I don’t know what to say

What is the most effective way of encouraging and developing children’s creative writing?

Those who have studied the matter often agree that adults who continue to write creatively after they have left formal education, come in two types.     

On the one hand there are those writers who carefully plan many of the details of their narrative before they start, carefully defining their characters, the setting and so forth. 

In the second group however, there are people who simply settle down and write, refining matters as they progress, before going back and taking into account the ending as they revise the opening.

Children can often be drawn to the latter approach, wanting to get going with the writing without thinking through the details of who, what, where and how.  But although they can be entranced by this approach, in reality they still need to learn about, and use, the more structured approach, if the resultant piece is to make any sense.

With additional planning they will come to learn that in creative writing, they need to make creative choices and these need to be consistent and coherent as well as informed by what happens in the end. 

In this way, where they find ideas are not forthcoming, the process of making decisions becomes simplified through their understanding of their characters and the narrative, while at the same time holding onto the notion that they still have to make the story work.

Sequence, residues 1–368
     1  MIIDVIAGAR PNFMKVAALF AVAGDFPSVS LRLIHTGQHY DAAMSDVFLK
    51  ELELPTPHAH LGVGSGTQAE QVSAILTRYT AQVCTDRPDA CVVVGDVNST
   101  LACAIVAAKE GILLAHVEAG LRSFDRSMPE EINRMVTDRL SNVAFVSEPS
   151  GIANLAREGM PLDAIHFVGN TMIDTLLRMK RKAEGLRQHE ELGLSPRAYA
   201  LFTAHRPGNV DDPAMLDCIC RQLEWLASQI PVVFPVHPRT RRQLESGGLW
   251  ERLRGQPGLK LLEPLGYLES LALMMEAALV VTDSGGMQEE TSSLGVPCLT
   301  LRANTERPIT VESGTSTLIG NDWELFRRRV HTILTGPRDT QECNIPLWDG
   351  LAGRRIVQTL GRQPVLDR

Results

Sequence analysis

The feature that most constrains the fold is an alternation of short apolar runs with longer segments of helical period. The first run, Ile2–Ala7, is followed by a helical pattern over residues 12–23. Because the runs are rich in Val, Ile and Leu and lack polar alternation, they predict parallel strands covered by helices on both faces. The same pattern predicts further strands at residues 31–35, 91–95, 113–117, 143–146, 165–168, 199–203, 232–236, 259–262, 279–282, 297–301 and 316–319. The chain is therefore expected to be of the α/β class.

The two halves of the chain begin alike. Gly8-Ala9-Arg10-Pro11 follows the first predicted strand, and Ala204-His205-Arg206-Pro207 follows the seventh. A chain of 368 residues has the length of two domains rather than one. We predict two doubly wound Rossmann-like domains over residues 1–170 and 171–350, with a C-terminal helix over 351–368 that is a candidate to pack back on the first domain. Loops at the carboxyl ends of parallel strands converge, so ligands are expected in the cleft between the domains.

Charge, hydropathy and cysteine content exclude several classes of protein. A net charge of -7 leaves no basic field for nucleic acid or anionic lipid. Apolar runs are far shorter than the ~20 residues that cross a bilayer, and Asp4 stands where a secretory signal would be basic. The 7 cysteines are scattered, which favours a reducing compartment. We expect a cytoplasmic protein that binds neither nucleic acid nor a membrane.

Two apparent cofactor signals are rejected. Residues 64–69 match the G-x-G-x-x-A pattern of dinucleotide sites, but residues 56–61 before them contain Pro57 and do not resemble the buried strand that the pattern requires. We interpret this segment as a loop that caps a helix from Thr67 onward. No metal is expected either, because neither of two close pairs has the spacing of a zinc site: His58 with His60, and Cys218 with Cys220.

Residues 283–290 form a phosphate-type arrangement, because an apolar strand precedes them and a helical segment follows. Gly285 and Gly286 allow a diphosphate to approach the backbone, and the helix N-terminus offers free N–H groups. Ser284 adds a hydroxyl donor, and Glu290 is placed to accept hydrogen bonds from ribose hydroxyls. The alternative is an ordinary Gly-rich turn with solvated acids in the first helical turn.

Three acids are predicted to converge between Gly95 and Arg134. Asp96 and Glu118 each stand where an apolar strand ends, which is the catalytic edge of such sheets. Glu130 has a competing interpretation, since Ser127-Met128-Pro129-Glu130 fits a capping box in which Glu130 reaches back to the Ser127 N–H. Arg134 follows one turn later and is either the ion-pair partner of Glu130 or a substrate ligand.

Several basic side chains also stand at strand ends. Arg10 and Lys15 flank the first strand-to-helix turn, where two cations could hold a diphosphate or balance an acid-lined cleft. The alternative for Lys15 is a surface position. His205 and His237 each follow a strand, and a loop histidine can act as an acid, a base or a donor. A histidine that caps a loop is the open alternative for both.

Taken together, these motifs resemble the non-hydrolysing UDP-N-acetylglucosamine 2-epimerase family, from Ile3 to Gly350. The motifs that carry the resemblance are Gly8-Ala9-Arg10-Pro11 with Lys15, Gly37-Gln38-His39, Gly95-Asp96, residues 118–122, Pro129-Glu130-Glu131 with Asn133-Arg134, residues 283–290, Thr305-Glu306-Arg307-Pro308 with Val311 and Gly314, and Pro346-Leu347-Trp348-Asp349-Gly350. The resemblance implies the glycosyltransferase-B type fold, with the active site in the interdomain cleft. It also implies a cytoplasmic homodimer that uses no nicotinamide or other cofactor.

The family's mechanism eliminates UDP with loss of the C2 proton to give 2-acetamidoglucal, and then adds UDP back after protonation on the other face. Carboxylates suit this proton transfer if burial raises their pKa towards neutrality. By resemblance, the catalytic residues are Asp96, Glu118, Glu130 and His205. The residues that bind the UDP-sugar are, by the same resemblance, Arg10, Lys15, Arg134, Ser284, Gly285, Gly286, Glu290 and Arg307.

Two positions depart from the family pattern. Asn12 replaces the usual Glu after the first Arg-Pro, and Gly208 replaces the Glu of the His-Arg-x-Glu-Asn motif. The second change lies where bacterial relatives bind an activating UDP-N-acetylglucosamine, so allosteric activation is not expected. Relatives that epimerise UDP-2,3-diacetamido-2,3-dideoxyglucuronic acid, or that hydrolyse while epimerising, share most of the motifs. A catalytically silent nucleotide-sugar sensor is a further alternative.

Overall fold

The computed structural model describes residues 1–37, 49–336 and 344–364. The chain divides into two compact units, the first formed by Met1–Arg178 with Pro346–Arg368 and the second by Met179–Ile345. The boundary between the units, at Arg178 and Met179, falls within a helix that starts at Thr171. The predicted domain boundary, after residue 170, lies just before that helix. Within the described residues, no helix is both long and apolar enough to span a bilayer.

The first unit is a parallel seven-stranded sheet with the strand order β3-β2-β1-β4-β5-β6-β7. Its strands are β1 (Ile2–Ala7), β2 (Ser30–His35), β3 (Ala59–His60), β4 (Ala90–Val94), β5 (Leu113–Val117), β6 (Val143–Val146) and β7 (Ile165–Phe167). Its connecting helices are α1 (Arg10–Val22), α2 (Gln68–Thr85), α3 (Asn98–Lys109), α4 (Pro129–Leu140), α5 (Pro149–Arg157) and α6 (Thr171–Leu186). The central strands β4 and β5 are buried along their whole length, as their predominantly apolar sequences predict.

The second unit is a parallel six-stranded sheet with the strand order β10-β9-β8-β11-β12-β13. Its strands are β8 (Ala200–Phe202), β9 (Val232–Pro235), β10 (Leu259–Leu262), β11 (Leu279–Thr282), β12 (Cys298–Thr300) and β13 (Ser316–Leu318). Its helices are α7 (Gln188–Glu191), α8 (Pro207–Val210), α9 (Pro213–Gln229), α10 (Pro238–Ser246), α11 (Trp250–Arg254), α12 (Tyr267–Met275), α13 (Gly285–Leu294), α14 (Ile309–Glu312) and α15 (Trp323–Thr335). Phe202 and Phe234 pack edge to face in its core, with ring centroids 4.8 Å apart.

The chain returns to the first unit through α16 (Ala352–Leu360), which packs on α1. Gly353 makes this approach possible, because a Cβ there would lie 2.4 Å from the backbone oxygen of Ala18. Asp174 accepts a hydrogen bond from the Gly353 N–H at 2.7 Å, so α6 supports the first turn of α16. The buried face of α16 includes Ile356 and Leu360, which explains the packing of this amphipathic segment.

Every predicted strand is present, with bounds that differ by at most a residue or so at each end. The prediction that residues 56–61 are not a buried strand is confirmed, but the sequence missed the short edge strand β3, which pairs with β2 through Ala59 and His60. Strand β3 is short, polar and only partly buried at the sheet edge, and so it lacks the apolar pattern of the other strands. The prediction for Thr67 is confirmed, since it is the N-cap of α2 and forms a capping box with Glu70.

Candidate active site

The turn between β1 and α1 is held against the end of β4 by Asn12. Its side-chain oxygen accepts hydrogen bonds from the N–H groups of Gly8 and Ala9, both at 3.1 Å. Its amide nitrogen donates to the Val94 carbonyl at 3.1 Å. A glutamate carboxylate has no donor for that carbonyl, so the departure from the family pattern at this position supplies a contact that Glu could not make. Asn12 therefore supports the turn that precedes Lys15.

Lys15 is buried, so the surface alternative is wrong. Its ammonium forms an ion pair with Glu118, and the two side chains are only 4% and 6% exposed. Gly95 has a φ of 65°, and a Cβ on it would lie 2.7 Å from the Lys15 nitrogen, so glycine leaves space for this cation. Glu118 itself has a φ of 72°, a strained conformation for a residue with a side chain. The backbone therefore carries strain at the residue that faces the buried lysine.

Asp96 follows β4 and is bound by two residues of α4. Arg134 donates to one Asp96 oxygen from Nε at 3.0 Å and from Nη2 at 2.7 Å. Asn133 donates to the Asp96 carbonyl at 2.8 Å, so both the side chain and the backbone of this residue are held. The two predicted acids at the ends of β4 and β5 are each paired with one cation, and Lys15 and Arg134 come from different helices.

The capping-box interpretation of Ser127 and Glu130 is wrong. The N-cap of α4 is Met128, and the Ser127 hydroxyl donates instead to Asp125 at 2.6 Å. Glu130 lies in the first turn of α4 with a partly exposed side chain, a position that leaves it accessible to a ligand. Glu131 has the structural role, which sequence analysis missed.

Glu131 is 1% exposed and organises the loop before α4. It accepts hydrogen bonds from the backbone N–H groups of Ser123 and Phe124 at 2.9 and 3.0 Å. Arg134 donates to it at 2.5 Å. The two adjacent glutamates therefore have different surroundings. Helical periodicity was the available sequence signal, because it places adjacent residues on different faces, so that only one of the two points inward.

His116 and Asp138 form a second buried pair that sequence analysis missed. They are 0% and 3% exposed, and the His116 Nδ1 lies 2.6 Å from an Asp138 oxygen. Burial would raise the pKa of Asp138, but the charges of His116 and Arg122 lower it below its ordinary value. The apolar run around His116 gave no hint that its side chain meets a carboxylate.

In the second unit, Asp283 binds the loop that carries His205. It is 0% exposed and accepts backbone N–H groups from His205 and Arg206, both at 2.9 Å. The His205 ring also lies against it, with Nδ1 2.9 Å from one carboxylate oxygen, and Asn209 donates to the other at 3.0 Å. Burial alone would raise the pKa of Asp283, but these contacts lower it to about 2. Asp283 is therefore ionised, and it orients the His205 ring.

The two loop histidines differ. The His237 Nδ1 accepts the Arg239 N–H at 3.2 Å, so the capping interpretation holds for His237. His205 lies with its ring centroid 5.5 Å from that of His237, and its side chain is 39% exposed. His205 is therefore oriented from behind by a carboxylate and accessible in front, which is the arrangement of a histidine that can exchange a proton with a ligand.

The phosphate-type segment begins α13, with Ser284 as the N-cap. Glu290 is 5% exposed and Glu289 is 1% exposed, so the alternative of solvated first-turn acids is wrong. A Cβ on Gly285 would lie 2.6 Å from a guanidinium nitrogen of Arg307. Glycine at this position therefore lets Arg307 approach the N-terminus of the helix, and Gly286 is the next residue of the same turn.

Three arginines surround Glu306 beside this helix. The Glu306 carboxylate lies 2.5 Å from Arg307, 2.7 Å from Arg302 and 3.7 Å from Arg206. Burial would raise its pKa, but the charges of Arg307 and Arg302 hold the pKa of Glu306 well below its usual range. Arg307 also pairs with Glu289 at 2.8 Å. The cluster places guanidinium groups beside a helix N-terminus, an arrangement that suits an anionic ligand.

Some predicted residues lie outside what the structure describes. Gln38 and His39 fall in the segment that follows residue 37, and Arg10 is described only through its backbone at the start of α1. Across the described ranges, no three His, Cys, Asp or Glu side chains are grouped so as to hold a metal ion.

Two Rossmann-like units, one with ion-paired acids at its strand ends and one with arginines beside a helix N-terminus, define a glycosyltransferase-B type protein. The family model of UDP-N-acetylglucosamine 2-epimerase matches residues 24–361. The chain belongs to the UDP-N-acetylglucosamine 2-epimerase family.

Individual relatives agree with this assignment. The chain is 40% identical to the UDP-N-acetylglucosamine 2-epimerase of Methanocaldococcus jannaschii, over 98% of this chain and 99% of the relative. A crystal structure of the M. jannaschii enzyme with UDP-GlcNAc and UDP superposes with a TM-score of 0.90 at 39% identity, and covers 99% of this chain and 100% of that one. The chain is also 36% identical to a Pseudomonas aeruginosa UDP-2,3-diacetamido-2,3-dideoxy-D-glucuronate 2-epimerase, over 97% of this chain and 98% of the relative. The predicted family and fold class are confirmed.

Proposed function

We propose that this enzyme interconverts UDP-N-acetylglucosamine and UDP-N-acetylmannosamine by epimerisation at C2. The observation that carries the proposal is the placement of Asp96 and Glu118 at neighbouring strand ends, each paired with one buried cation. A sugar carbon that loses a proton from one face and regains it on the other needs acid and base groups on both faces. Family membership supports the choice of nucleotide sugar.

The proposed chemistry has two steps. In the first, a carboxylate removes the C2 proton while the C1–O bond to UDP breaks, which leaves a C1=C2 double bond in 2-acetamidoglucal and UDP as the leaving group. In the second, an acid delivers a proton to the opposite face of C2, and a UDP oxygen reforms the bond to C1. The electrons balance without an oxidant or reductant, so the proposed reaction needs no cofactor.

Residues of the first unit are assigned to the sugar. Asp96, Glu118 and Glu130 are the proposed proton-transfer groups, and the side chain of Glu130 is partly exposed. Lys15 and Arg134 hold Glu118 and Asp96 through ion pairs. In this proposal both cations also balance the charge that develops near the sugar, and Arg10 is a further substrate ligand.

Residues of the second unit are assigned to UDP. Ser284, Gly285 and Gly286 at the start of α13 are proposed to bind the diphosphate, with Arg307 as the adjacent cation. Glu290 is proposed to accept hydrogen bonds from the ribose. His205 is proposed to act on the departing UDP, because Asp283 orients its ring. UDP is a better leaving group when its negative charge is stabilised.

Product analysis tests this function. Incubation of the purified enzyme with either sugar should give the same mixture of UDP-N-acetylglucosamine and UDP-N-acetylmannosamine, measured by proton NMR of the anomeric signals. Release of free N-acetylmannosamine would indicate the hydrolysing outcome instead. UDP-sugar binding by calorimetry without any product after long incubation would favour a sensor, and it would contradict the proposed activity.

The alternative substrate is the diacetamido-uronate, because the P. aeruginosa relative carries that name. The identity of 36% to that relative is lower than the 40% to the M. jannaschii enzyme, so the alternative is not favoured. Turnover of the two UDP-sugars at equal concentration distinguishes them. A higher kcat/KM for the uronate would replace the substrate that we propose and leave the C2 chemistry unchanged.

As a result of this approach the writing becomes both more innovative, more enjoyable, and also more coherent.  From this, each child takes ownership of the writing, and believes ever more in what they are writing. 

These are the issues that are covered in the three volumes of “Boost Creative Writing with each volume covering two school years, starting at Year 1.  Once the children realise the power of writing they will gain confidence that they can succeed not only in English, but across their school work as a whole. 

For the slower learner the non-prescriptive, graphic writing scaffolds in each book are structured into partitioned, separate sections.  Offering this segmentation leads children to be adventurous and encourages storytelling. Using their imaginations to come up with creative ideas means writing isn’t boring.

You can see the contents, links to the National Curriculum, and suggested writing targets for each book on our website

Each of the volumes is available as a printed book, or in pdf form. 

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